Love and War (11/11/46) - Rilo Kiley (mp3)
Bible vs. Gun - Will Hoge (mp3)
If we don't go with a draft, then I'd recommend a flat-out military service requirement similar to Denmark, Israel and the Latter-Day Saints!
Reinstating "conscription" in the United States would have a Dan Quayle impact on our conscience in shit that matters most. What I mean is, if anything had happened to Bush 41 and Dan Quayle had taken over as POTUS, our national attention would have quickly focused on what the hell that cardigan-wearing Nancy-boy was doing daily. Screw L.A. Law and Murder She Wrote, 'cuz we'd be scared poopless about our idiot President doing something irreversibly stupid, like banning Potatoe Guns.
Another reason can be summed up in a single word: "Patriotic."
Know why World War II holds such a special place in America's collective heart? Because practically every portion of America's collective society stepped up and donated. Ten percent of the country's population served during WWII, as opposed to less than a single percent during the Afghanistan and Iraq conflicts. When you focus most of that 10-percent on a 20-year span of males, you're talking a huge chunk of a generation of men, "the Greatest Generation," we claim.
I'm sick of the word "patriotism." The only word that's been more damaged and misused in the last 20 years is "Christian."
First off, our military could use a little bit more diversity, and by that I mean normalcy.
miss their Mustangs more than their spouses. You get people who want to be soldiers, which ain't really s'posed to be something people want to do all that badly. In the few conversations with the dozens of WWII and Korean War veterans I've known -- many long gone, including my father -- none of them were obsessed with being a soldier. None of them glorified the experience or even got all that excited answering my eager questions.
I remember especially one of my father's friends who served in the Korean "Conflict," who said something close to this: "Those were the most important years of my life, and I'll never forget them, but I wouldn't wish them on anyone if I could help it."
Old school soldiers are mostly proud, mostly patriotic, and mostly heroes. But don't confuse their pride and patriotism with glorifying something that's naturally ugly and scarring. Sure, you'll always have the "nothing beats the smell of napalm in the morning" types, but they're s'posed to be the outliers, not the standard-bearers. I have several relatives who did or currently serve our country, and a handful of past students I know are in the field. Only a couple of these were your "kick ass and take names later" kinds of people, but "normal guy" and "soldier" aren't as linked as they should be in modern times.
Secondly, nothing about the last 10 years of warring angers me more than how quickly our country turns away from its injured veterans. Soldiers whose service is cut short by a lost limb or worse are often discarded like yesterday's leftovers.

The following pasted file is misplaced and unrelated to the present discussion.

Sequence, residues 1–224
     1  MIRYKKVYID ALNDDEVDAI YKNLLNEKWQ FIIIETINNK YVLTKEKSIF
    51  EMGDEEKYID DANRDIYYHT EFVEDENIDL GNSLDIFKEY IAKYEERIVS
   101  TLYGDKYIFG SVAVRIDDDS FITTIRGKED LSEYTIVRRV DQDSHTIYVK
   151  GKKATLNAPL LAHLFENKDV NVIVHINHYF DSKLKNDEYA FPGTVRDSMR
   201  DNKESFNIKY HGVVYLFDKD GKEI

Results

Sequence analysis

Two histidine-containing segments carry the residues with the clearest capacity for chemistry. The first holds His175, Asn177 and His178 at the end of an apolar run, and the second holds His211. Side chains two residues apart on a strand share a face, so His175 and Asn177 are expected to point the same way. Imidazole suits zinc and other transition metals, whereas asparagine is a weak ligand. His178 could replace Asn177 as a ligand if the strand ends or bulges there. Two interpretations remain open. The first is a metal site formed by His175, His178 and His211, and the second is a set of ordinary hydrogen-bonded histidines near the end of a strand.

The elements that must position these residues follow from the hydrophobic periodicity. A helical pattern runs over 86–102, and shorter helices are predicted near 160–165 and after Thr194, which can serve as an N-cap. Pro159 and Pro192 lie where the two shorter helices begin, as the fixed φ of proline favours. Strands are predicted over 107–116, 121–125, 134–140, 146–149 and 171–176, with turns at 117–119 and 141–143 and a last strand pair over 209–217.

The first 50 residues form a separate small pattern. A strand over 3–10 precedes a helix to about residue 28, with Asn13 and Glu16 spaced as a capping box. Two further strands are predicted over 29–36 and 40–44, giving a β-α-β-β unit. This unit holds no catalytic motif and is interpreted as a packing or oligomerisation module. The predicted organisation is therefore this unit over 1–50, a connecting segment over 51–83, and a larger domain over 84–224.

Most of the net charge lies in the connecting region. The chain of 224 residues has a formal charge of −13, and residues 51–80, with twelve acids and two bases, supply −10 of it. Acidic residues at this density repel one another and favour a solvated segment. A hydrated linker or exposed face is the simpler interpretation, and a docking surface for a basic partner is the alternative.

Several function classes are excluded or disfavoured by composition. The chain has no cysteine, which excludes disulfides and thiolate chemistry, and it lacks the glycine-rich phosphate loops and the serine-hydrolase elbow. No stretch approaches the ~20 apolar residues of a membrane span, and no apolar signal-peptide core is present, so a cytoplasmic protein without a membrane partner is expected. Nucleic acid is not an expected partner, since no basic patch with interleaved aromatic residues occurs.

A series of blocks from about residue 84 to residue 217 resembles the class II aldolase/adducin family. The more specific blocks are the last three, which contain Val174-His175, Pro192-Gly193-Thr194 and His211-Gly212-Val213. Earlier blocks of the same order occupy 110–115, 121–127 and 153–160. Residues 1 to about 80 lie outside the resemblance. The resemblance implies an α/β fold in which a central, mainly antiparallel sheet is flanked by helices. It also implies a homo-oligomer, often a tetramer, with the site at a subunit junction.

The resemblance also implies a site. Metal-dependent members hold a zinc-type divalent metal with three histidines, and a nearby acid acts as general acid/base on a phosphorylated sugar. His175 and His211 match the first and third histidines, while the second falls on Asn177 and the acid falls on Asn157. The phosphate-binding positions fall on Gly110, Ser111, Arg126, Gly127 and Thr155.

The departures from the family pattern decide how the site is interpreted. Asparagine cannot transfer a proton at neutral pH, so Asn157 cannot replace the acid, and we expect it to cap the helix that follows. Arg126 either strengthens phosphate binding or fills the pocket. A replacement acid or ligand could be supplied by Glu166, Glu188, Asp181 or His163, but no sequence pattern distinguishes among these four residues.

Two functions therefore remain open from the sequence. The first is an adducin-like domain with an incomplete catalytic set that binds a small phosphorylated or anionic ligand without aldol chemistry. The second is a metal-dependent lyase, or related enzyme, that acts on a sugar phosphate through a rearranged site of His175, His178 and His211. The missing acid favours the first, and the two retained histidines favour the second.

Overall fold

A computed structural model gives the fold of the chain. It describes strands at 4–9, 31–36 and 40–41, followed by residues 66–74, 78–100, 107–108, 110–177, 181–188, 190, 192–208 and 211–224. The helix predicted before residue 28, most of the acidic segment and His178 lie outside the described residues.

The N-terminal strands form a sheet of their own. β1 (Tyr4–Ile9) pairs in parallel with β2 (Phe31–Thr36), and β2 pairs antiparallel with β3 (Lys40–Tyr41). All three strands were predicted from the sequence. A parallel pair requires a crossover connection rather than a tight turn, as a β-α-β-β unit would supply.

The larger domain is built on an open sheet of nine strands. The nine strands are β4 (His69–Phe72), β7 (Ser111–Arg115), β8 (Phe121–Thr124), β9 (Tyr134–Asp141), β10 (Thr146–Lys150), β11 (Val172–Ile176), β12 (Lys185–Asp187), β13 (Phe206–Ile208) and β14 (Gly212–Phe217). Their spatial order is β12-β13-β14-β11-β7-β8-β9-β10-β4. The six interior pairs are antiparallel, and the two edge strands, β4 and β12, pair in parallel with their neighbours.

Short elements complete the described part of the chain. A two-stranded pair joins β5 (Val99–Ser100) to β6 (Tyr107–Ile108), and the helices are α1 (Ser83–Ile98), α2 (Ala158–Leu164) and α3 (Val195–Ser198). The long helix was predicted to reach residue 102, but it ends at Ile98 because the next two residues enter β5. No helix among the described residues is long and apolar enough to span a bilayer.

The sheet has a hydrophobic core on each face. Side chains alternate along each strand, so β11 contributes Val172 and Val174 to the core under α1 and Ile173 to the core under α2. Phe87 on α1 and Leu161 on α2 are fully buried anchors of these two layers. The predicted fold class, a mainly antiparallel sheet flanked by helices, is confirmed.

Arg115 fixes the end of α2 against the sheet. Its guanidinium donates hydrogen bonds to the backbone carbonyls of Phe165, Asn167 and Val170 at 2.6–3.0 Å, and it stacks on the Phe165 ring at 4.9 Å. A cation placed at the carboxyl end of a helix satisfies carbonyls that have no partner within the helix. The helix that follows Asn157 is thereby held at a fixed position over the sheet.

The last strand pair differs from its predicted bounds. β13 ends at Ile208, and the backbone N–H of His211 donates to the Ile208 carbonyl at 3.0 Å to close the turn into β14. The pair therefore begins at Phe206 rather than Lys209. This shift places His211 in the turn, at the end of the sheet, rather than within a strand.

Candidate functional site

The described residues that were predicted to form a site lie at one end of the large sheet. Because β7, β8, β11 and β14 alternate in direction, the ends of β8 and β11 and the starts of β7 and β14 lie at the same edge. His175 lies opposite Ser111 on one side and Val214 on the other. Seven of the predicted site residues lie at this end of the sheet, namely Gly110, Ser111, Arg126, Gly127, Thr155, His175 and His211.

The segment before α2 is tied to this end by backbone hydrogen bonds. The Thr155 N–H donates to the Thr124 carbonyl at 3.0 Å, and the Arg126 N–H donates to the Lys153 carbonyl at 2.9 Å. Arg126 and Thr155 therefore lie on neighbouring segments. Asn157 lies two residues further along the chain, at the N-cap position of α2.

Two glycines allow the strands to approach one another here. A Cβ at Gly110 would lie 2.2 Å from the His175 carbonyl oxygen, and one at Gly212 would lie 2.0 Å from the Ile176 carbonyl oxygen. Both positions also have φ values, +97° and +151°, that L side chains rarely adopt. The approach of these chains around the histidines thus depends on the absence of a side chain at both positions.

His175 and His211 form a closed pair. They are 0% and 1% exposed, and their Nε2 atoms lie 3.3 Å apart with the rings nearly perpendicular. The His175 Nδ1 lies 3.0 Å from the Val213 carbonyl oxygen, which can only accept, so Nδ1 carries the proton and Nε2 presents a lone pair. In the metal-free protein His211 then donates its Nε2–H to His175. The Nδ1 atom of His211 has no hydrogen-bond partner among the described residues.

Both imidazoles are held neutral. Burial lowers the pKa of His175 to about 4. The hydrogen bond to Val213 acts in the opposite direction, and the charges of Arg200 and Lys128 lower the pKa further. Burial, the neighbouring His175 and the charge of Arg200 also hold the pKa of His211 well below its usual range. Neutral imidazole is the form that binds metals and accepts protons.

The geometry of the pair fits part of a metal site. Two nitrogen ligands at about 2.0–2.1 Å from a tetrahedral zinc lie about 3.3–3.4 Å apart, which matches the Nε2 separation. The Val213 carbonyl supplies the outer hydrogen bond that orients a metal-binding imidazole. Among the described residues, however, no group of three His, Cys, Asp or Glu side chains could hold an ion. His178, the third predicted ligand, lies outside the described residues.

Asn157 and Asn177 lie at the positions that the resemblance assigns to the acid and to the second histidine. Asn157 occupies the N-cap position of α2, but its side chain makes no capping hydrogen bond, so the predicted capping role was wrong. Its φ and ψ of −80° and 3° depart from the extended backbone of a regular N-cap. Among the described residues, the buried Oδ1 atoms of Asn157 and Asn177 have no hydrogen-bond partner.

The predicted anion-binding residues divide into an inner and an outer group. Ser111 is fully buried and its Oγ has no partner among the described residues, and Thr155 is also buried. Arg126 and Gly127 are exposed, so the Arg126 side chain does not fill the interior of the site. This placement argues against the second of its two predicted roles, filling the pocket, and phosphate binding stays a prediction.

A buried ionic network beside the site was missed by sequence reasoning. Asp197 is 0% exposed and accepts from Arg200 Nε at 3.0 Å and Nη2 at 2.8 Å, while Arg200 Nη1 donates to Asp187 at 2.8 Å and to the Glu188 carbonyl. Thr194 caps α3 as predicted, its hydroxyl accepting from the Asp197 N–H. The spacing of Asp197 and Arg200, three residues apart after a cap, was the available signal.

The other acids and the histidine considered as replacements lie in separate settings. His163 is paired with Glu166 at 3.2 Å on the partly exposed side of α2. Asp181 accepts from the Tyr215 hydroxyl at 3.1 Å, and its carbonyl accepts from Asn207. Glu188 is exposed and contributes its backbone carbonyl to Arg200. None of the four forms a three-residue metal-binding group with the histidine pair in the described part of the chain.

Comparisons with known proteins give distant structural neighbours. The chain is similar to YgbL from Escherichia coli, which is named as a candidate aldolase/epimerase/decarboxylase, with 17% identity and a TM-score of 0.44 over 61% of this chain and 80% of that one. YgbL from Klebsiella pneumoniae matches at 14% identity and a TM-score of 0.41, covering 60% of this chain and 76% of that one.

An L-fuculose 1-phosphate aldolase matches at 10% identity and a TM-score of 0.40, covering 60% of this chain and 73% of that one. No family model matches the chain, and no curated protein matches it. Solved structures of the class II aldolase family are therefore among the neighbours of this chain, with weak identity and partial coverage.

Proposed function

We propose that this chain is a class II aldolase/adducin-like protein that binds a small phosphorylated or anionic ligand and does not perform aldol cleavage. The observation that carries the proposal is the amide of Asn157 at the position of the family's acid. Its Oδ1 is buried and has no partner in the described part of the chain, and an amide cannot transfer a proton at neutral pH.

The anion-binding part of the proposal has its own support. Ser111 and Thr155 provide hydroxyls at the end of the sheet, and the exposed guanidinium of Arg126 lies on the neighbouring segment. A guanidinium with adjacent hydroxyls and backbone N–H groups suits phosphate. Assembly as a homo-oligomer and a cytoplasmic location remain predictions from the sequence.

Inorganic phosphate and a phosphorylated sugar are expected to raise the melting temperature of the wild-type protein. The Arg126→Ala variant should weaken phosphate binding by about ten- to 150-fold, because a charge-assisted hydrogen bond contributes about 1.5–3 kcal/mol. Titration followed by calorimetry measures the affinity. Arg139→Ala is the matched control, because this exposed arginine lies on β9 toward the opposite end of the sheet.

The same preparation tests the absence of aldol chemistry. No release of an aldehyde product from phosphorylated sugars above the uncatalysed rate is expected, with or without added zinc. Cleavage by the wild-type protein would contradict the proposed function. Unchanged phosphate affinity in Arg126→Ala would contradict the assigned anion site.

Most anti-abortion folks fight the noble fight of "a baby's right to live" right up to the point where the babies are born, and then they don't give a shit about the baby after it comes out of the womb. After that precious thing is born, it suddenly becomes less the responsibility or a morally-upstanding country and more that of the meth-addled single mom with an IQ of 25. After the birth, it's suddenly that mother's fault for not practicing abstinence. Then, when the mom buries the kid under the wood chips at a playground because she has no clue what she's doing, we can feel better that we fought for this child's right to live.
It's the same with our military. We support them so long as they can still carry a gun and guard that wall. But we sure as hell don't wanna have to pay tax dollars to nurse them, keep the IVs in them, provide 'round-the-clock care for them, or offer psychological counseling for them, once they return home.
Perhaps most importantly, our words would immediately carry more weight. Words like "patriotism" and "country" and "service" and "honor" would tug at our hearts because our own loved ones were on the other end of that barrel. Every death of an American serviceman or -woman overseas, every attack on our people, would rattle our souls to their core as we fretted over the safety of those we love, at least until we got their Twitter that they were OK, that it was some other family's tragedy.
A draft wouldn't guarantee that the likes of George Bush or a Kennedy child would have to serve. The super-wealthy and super-influential can find loopholes for anything, it seems. But a draft or other kind of conscription would force enough of us in the middle and upper classes to care that the entire political dynamic of fighting and war and abused words like "patriotism" in this country would have to change.
Our government would also have a much higher standard to meet before sending troops into a scrum, or a conflict, or a "peace-keeping mission," or a war. Because suddenly a significant majority of voters would be closely tied to the very bodies being considered for those fights. Flag-waving and Lee Greenwood songs might not feel quite so empowering and "patriotic" when you're sending your own kids to the front lines.
And I guaran-damn-tee you we'd all like the sound of the word "diplomacy" a whole lot more.
Both songs can be purchased on iTunes or at Amazon.com's mp3 site.